Meanwhile, the men who had worked out for only about 30 minutes seemed to be energized by their new routines. They stood up, walked, stretched and even bounced in place more than they once had. “It looks like they were taking the stairs now, not the elevators, and just moving around more,” Mr. Rosenkilde said. “It was little things, but they add up.”
And that idea was, in fact, perhaps the most dominant exercise-science theme of 2012: that little things add up, with both positive and pernicious effects. Another of my favorite studies of 2012 found that a mere 10 minutes of daily physical activity increased life spans in adults by almost two years, even if the adults remained significantly overweight.
But the inverse of that finding proved to be equally true: not fitting periods of activity into a person’s daily life also affected life span. Perhaps the most chilling sentence that I wrote all year reported that, according to a large study of Western adults, “Every single hour of television watched after the age of 25 reduces the viewer’s life expectancy by 21.8 minutes.”
I am watching much less television these days.
But not all of the new fitness science I covered this year was quite so sobering or, to be honest, consequential. Some of the more practical studies simply validated common sense, including reports that to succeed in ball sports, keep your eye on the ball; during hot-weather exercise, pour cold water over your head; and, finally, on the day before a marathon, eat a lot.
But when I think about the science that has most affected how I plan my life, I return again and again to those studies showing that physical activity alters how long and how well we live. My days of heedless youth are behind me. So I won’t soon forget the study I wrote about in September detailing how moderate, frequent physical activity in midlife can delay the onset of illness and frailty in old age. Exercise won’t prevent you from aging, of course. Only death does that. But this study and others from this year underscore that staying active, even in moderate doses, dramatically improves how your aging body feels and responds.
Aging also inspired my favorite reader comment of 2012, which was posted in response to a research scientist’s name. “‘Dr. Head,’” the reader wrote. “That shall be the name of my all-senior-citizen metal band,” which, if its members gyrate and vigorously bound about like Mick Jagger on his recent tour, should ensure themselves decades in which to robustly perform.
Happy World Breastfeeding Week!
Check out our mention on Stroller Traffic!
Local musts for nursing moms
| World Breastfeeding Week kicks off today—a perfect time, we thought, to round up New York’s best gear and gurus for nursing moms.
Best lactation consultant: Ayelet Kaznelson approaches nursing from a place of acceptance. She instructs breastfeeding clinics and prenatal classes at Tribeca Parenting, and offers private home visits as well ($250 for the initial session; $200 for follow-ups). 917.620.4068 or firstname.lastname@example.org.
Best convertible nursing bras: Bra Smyth’s seamstresses can convert your regular bras (even the sexy ones) into nursing bras by placing a special hook between the strap and cup. $20-$30 per bra. 2177 Broadway, 212.721.5111 or 905 Madison Ave, 212.772.9400.
Best mini freezers for extra milk: GE’S 5.0 cu. ft. freezer chest will fit comfortably in most New York apartments, and is available from Home Depot for $179 with free delivery. Alternatively, you can troll for rentals at Rent-a-Center.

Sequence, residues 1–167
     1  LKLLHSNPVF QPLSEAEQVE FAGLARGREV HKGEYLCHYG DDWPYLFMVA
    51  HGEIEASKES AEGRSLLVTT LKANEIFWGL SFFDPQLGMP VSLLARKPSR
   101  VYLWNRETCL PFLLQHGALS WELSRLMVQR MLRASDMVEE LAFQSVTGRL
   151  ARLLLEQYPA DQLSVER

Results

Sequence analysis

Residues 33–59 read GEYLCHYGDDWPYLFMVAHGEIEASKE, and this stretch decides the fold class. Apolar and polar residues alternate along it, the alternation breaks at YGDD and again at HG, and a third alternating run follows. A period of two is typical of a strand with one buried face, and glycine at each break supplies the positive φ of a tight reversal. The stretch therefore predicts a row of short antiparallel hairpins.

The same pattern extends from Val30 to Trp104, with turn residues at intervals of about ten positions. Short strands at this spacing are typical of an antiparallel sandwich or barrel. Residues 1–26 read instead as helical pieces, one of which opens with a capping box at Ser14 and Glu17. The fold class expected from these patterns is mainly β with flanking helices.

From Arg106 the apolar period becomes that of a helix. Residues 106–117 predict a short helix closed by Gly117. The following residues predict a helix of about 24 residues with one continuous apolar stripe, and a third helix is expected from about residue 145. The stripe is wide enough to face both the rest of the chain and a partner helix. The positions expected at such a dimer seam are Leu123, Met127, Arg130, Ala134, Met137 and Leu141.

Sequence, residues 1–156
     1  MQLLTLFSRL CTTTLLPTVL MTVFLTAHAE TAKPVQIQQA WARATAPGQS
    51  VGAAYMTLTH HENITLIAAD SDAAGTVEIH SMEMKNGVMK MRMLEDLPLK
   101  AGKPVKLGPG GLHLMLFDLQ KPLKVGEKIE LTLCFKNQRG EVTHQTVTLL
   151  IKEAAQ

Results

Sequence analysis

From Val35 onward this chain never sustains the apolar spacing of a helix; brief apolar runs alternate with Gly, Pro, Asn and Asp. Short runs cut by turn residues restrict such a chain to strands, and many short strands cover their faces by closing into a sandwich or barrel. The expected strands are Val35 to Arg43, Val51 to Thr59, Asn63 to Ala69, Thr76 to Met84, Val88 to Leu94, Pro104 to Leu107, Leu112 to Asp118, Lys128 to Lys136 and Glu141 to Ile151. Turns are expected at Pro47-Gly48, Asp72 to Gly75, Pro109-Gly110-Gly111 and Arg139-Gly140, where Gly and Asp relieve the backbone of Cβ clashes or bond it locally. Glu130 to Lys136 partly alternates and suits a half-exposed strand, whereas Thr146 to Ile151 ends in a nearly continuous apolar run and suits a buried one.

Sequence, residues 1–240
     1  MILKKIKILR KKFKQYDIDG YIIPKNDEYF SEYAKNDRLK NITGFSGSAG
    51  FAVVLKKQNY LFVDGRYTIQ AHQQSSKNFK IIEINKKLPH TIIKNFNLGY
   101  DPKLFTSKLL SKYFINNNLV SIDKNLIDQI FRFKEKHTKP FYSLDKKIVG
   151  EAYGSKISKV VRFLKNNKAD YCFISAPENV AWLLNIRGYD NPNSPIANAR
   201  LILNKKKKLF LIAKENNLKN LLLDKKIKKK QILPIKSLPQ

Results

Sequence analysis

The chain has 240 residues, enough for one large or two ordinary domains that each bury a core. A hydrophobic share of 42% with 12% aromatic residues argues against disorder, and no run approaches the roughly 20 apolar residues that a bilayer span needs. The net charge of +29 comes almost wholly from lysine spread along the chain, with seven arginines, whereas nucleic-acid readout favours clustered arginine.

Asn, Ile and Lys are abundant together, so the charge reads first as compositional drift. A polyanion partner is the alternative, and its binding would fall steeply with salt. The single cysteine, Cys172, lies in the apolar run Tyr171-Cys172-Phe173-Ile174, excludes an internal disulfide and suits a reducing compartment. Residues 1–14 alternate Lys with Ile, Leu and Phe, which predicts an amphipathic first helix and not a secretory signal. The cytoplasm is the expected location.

Best acupuncturist: If the well is running dry, reach out to Juniper Wellness founder Sara Frohlich, who specializes in acupuncture and herbal medicine regimens that boost milk production, clear stagnation, unblock ducts, and ease mastitis. 119 W. 23rd St., suite 802; 917.549.0200 or email@example.com.
Whole Again: A healing circle for women who were challenged by Cesarean delivery
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Whether your Cesarean delivery was weeks, months or years ago, you may still feel the aftereffects in your body, mind and spirit. You may feel thwarted, silenced, incomplete. Chances are you long to be heard, supported and understood.
Join this group of women who were challenged by Cesarean birth and wish to honor and heal the experience. The group will be led by Madhu Maron, a certified life coach and mom who gave birth by C-section in 2009.
Our focus will be three-fold:
* To share our stories in a supportive, safe community
* To be supported in our loss without apology or judgment
* To celebrate our strengths and to claim the ways we succeeded in our birth experience
Time: Saturday, April 23 from 10:00am – 11:30am
Place: 119 West 23rd Street, Suite 802, NYC
To register, contact Madhu Maron at 917 306 1341 or firstname.lastname@example.org
A note from Madhu: After my C-section, it felt like the world was saying, “You have a healthy baby. Now move on.” I was inspired to create this group after talking to many other women who felt similarly silenced and unable to fully process their loss.
The year of the rabbit begins on February 3rd, 2011. Those born under the sign of the rabbit are known for their calm and gentle nature, but also persistence. Rabbits are considered to be dependable and give good advice. They are cautious and like to carefully consider their options before making a move. They are also known to be warm, artistic and affectionate. Rabbits are intuitive and are quick to react to potentially harmful situations.
Having many traits of its namesake animal, most Rabbit years are quiet, positive and inspiring. 2011 should be a major change after the fast paced and dramatic Year of the Tiger. Family, diplomacy and personal development will all be highlighted in 2011. Arts and culture will be thriving. Love, romance and family life are key, with a renewed appreciation of loved ones and friends. Overall, it should be a fun and relatively peaceful year. The Chinese Rabbit year favors peaceful solutions and diplomacy, so even if there are still rough times, there will be a feeling of hope and an optimistic outlook for the future.
Check out this article on how simple lifestyle changes can have a great positive impact on your health. And it’s never too late to start. Some suggestions are as simple as walking. Little things really do make a difference!